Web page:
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June 6, 2014

St. Norbert

Jn 21: 15-19

When they had finished breakfast, Jesus said to Simon Peter, “Simon son of John, do you love me more than these?” He said to him, “Yes, Lord; you know that I love you.” Jesus said to him, “Feed my lambs.” A second time he said to him, “Simon son of John, do you love me?” He said to him, “Yes, Lord; you know that I love you.” Jesus said to him, “Tend my sheep.” He said to him the third time, “Simon son of John, do you love me?”

Peter felt hurt because he said to him the third time, “Do you love me?” And he said to him, “Lord, you know everything; you know that I love you.” Jesus said to him, “Feed my sheep. Very truly, I tell you, when you were younger, you used to fasten your own belt and to go wherever you wished. But when you grow old, you will stretch out your hands, and someone else will fasten a belt around you and take you where you do not wish to go.” (He said this to indicate the kind of death by which he would glorify God.) After this he said to him, “Follow me.”

New Revised Standard Version, copyright 1989, by the National Council of the Churches of Christ in the United States of America. Used by permission. All rights reserved. USCCB approved. http://www.usccb.org/bible/approved-translations

Do You Love Me?

Are you married or engaged? A parent or grandparent? Surely you are a daughter or son, maybe even a sister or brother? Every one of us learns, many times over, that love is on full display in our relationships with others. What’s so gorgeous—and challenging!—about love is its countless proofs, dimensions and subtleties; as a new mom, seeing my baby son smile at me brings me joy and peace unlike any other—the source of which, I believe, is Divine.

In today’s reading, the Divine Author of Love shows us what love is, and what love does. It starts ever so tenderly when Jesus addresses Peter as “Simon, son of John,” connecting him to his father. (Imagine Jesus calling you by name, as son or daughter of your father’s name—it’s gripping.) Then, each time Jesus asks Peter if he loves Him and Peter says yes, Jesus tells him how he must love: by caring for others. This conversation brings Matthew 22: 37-40 to mind: “You shall love the Lord, your God, with all your heart, with all your soul, and with all your mind. This is the greatest and the first commandment. The second is like it: You shall love your neighbor as yourself. The whole law and the prophets depend on these two commandments.”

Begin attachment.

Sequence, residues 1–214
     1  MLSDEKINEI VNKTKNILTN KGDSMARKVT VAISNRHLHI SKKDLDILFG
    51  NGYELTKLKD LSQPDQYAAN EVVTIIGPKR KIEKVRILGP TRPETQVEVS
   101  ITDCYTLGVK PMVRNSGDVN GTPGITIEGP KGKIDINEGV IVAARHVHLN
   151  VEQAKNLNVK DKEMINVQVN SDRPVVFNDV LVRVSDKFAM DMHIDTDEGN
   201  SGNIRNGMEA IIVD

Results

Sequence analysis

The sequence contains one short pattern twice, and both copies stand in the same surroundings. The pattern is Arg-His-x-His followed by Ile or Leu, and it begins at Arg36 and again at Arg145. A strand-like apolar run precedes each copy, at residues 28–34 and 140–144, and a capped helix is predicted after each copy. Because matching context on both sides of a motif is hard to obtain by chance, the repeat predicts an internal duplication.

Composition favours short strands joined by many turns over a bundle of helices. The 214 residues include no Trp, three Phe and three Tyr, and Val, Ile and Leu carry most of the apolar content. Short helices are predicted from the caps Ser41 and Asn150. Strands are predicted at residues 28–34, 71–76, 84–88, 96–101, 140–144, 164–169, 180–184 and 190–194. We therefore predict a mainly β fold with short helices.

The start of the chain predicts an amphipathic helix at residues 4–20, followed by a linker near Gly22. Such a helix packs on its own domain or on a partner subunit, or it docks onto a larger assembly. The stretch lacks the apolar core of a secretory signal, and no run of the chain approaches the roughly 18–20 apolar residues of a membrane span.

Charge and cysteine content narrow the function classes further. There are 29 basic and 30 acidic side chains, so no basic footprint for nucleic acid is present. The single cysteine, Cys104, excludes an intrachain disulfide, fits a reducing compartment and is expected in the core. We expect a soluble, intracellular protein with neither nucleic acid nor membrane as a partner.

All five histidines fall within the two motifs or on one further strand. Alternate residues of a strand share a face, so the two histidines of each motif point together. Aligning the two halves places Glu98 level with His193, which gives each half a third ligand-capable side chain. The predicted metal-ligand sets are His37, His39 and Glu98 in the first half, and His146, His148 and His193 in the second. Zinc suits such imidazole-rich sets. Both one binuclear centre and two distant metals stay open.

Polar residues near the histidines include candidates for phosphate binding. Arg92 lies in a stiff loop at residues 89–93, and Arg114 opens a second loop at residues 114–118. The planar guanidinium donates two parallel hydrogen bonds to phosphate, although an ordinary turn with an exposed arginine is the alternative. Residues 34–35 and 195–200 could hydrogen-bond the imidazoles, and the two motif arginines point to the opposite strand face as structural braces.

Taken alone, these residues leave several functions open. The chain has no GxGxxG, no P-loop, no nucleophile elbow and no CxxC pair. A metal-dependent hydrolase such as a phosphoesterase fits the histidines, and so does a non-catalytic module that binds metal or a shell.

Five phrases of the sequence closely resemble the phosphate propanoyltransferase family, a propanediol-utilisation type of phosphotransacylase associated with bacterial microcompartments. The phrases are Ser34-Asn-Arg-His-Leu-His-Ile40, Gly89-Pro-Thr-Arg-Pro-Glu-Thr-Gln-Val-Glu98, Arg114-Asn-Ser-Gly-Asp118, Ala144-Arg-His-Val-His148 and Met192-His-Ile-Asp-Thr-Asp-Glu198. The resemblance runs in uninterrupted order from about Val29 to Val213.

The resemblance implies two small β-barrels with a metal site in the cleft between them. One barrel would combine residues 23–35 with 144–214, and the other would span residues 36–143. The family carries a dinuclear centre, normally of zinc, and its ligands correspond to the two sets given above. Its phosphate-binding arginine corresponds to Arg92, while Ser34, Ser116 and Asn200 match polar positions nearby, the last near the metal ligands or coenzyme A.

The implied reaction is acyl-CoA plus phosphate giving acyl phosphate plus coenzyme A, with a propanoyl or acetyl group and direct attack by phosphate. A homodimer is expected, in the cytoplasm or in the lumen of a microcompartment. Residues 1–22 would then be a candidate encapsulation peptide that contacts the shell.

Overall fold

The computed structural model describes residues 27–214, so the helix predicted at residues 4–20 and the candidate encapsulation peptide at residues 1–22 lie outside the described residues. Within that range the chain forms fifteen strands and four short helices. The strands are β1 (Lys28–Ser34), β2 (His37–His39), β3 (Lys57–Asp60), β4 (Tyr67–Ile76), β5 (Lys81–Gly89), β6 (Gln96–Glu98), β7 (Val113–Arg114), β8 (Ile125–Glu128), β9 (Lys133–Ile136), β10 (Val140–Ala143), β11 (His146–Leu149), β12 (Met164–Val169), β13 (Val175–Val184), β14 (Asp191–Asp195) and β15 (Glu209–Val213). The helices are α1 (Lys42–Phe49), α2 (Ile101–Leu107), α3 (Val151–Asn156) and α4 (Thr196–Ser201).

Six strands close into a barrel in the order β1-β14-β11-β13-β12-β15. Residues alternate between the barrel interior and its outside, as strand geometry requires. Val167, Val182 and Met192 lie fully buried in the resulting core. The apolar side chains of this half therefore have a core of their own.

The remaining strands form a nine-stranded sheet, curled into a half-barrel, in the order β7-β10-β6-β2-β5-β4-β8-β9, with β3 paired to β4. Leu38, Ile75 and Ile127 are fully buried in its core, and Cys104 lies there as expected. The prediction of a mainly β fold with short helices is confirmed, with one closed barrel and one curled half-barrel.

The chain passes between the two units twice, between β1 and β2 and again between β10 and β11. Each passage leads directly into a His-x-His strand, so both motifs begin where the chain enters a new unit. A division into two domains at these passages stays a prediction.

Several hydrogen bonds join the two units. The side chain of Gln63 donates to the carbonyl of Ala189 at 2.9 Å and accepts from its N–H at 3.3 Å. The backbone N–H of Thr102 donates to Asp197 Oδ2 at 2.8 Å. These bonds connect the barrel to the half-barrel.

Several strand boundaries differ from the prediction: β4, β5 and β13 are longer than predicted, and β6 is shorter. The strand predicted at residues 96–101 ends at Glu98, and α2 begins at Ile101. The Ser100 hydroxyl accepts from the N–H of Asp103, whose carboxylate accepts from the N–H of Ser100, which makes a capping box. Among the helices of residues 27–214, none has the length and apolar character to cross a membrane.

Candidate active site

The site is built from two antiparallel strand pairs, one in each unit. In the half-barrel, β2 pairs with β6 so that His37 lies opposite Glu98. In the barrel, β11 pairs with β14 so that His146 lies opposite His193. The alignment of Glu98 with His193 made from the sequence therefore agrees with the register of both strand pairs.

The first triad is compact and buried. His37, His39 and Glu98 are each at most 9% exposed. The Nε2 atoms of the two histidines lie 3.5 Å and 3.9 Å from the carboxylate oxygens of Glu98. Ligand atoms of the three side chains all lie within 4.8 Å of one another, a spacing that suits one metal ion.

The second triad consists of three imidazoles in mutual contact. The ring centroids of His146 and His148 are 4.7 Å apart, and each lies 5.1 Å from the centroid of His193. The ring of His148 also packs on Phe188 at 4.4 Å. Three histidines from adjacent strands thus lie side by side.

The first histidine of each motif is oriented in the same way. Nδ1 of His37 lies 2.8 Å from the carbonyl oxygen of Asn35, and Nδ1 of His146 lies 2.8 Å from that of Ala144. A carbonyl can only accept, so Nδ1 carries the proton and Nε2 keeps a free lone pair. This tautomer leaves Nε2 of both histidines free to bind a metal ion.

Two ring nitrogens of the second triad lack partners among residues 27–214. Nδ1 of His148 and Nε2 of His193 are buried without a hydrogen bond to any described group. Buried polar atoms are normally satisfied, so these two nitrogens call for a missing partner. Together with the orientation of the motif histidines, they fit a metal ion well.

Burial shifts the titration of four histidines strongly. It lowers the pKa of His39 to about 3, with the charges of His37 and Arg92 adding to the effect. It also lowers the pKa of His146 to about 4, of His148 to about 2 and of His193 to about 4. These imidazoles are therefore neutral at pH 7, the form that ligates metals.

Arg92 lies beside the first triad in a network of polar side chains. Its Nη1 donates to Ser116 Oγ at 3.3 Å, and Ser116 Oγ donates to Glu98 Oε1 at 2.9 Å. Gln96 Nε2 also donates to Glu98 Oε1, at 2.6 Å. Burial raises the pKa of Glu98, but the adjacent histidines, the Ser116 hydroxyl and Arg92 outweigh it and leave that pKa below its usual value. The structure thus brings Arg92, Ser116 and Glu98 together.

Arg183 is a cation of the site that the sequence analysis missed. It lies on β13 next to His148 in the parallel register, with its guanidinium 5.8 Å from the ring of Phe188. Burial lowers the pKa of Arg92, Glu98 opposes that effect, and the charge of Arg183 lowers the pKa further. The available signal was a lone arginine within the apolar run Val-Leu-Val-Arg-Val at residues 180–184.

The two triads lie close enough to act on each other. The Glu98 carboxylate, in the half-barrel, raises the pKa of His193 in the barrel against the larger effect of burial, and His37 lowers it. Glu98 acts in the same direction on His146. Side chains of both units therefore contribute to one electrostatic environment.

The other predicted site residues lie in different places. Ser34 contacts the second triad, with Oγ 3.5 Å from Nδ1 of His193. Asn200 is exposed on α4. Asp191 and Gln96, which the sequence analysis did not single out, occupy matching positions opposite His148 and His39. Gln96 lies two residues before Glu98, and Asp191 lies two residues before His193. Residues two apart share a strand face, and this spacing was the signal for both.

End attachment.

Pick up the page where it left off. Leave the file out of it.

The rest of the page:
In his final response, Jesus didn’t spare Peter any details in how far he’d have to go in love. He would be led where he couldn’t imagine; suffering was imminent. And the only way for Peter to endure it is by following his Lord.

Where does Jesus ask you to show love? When does it feel easy for you, and when do you struggle? Can you see love in the midst of suffering? Ask Jesus in prayer today for the grace to follow him.

—Kristin Dillon is a lay minister who participates in Charis Ministries programs. She lives in Chicago with her husband and seven-month-old son.

Prayer

The higher the love, the more demands will be made on us to conform to that ideal.

—Venerable Archbishop Fulton J. Sheen


Please share the Good Word with your friends!